Recently, Center for Entrepreneurship Director and Professor John Bradley Jackson participated in a seminar hosted by the Center for Economic Education on campus to help people become more financially literate. Talking about how to formulate a business plan, Professor Jackson explained to those in attendance what the purpose of a business plan was, how to develop one and resources that they could use to help them in their business endeavors.

Center for Entrepreneurship Director John Bradley Jackson lectures on the importance of business plans to a group of people who are hard at work improving their financial literacy skills.

Center for Economic Education Director Dr. Radha Bhattacharya oversaw a full slate of presentations like Director Jackson’s. “Teaching Economics,” “The Stock Market Game and Personal finance” and “Future Financial Life” were just three of the other presentations given through this day of financial literacy bolstering. If you would like to know when the next event like this is going to happen please follow the Center for Economic Education and the Center for Entrepreneurship as well.

Why Your Twenties Matter

Starting to make something out of your life in your twenties may seem like a daunting task but it would be even more so if you waited until your thirties to really start trying to make something out of your life.

Once upon a time it was typical for a college graduate to secure a high-paying job, buy a home, find your life partner and begin a family all by the time you were in your mid to late twenties. This bit of conventional wisdom seems to have expired about a decade ago.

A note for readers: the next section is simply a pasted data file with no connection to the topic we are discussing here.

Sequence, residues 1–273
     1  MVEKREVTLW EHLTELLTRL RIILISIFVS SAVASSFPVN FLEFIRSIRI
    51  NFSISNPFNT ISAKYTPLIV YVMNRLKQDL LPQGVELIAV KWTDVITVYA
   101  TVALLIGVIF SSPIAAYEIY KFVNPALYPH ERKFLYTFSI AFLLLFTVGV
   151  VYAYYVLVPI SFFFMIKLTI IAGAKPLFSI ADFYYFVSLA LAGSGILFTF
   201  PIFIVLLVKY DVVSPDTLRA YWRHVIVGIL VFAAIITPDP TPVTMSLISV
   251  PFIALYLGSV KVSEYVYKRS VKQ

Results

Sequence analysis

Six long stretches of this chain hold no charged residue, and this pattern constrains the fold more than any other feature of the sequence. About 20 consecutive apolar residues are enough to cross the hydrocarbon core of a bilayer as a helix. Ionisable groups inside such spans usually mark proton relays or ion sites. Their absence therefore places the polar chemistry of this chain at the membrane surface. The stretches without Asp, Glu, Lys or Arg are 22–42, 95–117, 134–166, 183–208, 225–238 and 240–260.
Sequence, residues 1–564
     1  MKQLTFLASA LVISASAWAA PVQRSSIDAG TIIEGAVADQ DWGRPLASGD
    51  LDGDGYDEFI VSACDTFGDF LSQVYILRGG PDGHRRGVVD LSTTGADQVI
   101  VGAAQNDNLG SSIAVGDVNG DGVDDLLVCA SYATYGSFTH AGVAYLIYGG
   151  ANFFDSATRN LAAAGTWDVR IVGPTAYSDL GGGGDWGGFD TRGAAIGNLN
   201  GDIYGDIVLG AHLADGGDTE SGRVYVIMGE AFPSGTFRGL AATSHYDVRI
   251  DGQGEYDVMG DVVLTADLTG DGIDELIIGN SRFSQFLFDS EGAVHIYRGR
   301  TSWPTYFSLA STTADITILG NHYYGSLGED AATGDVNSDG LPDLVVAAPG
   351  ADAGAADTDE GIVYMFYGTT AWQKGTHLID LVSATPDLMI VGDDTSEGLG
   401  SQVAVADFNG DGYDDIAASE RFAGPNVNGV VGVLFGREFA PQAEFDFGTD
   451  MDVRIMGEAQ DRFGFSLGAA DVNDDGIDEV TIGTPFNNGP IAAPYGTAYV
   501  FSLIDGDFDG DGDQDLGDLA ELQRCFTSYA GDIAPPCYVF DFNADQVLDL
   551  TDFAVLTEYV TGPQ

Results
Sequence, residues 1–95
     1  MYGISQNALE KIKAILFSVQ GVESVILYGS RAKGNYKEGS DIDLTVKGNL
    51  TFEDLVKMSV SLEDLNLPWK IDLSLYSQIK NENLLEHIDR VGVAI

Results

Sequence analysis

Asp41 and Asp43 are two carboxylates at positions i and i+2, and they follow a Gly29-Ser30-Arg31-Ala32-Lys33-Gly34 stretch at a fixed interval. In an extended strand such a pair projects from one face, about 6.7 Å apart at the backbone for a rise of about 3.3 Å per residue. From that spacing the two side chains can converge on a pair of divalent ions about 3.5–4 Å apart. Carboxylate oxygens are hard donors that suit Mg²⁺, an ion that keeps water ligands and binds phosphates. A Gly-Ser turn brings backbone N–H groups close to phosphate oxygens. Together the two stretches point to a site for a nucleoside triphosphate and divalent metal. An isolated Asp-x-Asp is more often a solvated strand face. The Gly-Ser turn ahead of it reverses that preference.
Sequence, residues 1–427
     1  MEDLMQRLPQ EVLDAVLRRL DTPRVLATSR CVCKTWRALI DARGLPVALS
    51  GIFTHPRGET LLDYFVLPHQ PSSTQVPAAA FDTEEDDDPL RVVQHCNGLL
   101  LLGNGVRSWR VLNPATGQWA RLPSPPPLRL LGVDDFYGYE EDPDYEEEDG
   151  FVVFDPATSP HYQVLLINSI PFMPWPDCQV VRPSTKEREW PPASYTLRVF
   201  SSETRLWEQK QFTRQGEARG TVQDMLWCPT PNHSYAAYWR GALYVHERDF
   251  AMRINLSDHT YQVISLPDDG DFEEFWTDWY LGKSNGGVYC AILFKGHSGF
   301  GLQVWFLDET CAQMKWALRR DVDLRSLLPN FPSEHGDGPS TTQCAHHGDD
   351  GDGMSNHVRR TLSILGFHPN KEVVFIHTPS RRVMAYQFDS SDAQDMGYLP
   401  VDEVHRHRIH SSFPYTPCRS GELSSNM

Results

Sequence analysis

Indeed, Millennials are keenly aware of the challenges associated with coming of age in the aftermath of the great recession of 2007. While difficult, this doesn’t mean you should spend your twenties twiddling your thumbs.

If you are “twenty-something” you face a different set of challenges than the preceding generation, but your twenties remain a pivotal point in your own timeline and its significance should not be underestimated. Early adulthood may feel inconsequential, but the decisions you make now will serve as the foundation upon which the rest your life is built, both personally and professionally. No pressure.

Thirty is not the new twenty. In her TED talk, Why 30 is not the new 20, clinical psychologist Dr. Meg Jay underscores the impact this period of early adulthood has on subsequent decades.

If you are having problems viewing this video click HERE.

You might not get married in your twenties but it’s highly probable that you’ll meet your future partner during this time. Moreover, you learn about yourself within the context of your relationships. The kinds of relationships you have as a twenty-something set the tone for future relationships. Dr. Jay suggests that, “The best time to work on your marriage is before you have one.”

The internships you take and the jobs you seek in your twenties can pave the way for future career opportunities. The experience you gain and the skills you acquire before you are thirty can propel your professional life forward. Envision your work life as an interconnected series of events with the past jobs and internships enabling future opportunities.

Twenty-somethings have many advantages in the new workplace. One is that you haven’t spent decades reinforcing poor working habits. Young adults generally have more stamina and more flexibility than older workers. Growing up as native PC users, Millennials greet new technology with a glee that older workers can only admire.